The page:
If you didn’t know, the Outer Banks has a deep and rich history. The OBX, more specifically Manteo, has a significant role in the start of America. Manteo is home to the Lost Colony; the colony that came here from England in 1587 and mysteriously disappeared. The history that is little known is about the colony before the lost colony; the colony of 1585 which was strictly a military settlement. Roanoke Island Festival Park tells this story and gives you a vision of what life on Roanoke Island was like for mercenary soldiers in 1585.

What Is Festival Park?

Roanoke Island Festival Park is home to the history of the colony before the Lost Colony.
Aerial View of the Park | Image via outerbanks.com

Roanoke Island Festival Park is a 25-acre historic site that shows guests what life was like for settlers in 1585. Costumed interpreters help bring history to life with demonstrations and interactive exhibits.

What Are The Exhibits?

Each exhibit at Roanoke Island Festival Park shows you what life was like for settlers, natives, and the overall history of the Outer Banks. See more below on each exhibit!

The Elizabeth II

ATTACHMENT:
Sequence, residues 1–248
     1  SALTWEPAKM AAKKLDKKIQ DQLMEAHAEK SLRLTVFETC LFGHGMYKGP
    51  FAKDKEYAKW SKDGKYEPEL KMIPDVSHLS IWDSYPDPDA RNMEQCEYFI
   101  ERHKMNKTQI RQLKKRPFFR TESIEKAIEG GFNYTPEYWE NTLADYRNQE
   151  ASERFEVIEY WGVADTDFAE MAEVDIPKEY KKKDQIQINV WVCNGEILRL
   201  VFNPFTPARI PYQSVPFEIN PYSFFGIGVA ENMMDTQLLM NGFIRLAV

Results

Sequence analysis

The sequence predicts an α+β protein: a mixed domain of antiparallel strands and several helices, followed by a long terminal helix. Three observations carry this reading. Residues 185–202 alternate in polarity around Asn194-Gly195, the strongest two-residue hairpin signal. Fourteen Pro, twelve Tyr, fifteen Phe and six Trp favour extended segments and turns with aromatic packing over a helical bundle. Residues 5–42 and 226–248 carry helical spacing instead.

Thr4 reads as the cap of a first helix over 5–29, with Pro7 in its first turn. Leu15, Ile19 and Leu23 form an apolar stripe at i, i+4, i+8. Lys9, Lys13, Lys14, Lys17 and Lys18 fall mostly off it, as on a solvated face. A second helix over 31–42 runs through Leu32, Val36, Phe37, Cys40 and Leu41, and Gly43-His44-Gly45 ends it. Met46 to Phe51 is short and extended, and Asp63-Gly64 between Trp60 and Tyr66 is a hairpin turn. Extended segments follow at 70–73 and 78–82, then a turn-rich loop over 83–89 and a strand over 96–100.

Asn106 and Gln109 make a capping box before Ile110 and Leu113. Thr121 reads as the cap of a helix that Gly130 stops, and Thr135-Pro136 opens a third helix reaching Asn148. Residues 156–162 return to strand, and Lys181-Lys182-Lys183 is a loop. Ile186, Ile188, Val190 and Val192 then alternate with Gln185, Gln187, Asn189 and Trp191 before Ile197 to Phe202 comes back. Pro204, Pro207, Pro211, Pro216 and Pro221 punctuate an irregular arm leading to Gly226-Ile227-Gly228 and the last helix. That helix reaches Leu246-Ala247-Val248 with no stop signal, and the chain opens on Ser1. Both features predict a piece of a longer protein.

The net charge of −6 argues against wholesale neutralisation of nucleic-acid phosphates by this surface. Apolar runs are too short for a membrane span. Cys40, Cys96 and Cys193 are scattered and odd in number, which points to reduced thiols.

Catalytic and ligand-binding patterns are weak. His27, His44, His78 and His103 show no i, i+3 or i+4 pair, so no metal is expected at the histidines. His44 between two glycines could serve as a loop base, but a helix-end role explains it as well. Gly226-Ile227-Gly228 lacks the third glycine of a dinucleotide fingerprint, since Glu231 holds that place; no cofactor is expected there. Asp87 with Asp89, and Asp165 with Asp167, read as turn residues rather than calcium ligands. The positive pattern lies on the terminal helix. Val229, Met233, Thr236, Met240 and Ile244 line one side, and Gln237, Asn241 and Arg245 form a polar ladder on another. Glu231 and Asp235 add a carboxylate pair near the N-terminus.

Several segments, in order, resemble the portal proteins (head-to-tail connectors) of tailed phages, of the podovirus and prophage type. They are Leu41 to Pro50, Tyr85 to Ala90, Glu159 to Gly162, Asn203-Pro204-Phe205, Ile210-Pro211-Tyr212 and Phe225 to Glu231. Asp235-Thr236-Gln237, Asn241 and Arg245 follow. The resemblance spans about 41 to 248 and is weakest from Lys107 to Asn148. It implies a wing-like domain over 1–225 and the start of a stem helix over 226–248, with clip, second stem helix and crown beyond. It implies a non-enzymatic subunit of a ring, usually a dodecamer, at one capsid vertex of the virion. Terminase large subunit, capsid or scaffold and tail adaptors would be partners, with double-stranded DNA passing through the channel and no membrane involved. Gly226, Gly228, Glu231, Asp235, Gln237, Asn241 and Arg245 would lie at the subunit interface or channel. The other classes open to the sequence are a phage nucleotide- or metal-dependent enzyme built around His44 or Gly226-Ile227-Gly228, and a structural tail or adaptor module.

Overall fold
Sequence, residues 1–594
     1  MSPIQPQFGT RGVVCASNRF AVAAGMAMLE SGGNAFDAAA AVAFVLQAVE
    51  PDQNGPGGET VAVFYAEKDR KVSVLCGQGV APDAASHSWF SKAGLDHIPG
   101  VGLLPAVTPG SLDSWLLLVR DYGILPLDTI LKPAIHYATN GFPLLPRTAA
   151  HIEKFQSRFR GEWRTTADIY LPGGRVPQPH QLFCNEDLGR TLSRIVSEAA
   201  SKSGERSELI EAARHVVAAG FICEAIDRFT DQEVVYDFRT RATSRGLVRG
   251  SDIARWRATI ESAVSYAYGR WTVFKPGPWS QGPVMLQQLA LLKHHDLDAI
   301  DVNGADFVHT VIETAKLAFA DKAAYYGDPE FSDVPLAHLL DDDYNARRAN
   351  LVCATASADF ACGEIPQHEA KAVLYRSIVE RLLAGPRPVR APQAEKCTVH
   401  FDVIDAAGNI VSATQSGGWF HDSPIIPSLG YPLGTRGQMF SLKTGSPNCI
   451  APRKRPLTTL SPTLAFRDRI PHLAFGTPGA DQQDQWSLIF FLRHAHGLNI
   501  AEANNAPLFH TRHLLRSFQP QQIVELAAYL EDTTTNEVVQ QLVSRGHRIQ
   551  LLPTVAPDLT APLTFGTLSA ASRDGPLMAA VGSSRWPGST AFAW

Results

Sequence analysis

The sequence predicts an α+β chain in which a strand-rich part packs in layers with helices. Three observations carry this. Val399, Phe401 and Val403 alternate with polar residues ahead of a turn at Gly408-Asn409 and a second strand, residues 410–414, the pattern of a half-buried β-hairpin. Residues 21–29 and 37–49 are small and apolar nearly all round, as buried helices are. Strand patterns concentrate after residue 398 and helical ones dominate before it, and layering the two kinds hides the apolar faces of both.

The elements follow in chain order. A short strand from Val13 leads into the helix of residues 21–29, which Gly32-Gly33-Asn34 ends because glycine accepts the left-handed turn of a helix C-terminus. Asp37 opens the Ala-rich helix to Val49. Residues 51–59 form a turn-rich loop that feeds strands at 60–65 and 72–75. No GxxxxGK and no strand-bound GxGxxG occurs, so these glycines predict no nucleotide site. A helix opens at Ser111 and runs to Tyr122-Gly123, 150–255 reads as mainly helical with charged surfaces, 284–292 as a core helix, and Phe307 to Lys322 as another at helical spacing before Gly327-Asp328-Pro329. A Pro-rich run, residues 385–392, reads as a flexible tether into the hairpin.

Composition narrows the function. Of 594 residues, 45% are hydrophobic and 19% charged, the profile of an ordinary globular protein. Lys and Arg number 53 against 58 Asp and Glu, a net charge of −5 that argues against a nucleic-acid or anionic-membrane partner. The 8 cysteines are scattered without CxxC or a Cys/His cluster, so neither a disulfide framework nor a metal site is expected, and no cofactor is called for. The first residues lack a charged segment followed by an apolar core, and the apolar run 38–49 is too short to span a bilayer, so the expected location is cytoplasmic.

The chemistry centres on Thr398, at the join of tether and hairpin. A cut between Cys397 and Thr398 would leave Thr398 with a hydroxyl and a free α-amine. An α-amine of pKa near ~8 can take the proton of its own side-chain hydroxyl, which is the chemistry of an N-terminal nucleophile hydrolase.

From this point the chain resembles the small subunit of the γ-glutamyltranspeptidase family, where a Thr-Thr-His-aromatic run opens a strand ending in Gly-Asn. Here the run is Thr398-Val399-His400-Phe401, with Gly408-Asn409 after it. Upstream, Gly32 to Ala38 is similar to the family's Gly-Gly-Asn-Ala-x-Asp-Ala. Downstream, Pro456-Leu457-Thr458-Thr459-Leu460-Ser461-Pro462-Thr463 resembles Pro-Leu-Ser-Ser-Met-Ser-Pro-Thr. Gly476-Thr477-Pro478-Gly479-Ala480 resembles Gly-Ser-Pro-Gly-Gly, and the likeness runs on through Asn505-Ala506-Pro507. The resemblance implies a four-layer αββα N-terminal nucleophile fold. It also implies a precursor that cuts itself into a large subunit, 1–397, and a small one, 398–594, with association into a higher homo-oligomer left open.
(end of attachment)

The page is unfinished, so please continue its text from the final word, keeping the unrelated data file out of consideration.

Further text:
The Elizabeth II is a to scale, representational ship of one of the seven ships that made their way to Roanoke Island in 1585. On the ship you can see the lines, rigging, and see all of the working parts of the ship. The sailors aboard will gladly answer any questions you have.

American Indian Town

American Indian Town at Roanoke Island Festival Park showcases coastal Algonquian culture and their way of living in the late 16th century. In Indian Town, you’ll be able to see longhouses, crops that were typically planted, and learn how natives fished and made the most of the land.

The Settlement Site

The Settlement Site is home to the mercenary soldiers that arrived in 1585. At the Settlement, you’ll be able to see the tents, learn about woodworking, and even see a blacksmith (who will probably give you a nail if you’re nice to him).

Adventure Museum

The Adventure Museum is home to exhibits that take you from the Outer Banks in 1585 all the way to today. The museum highlights the English voyages, the Civil War on the Outer Banks, and the importance of commercial fishing.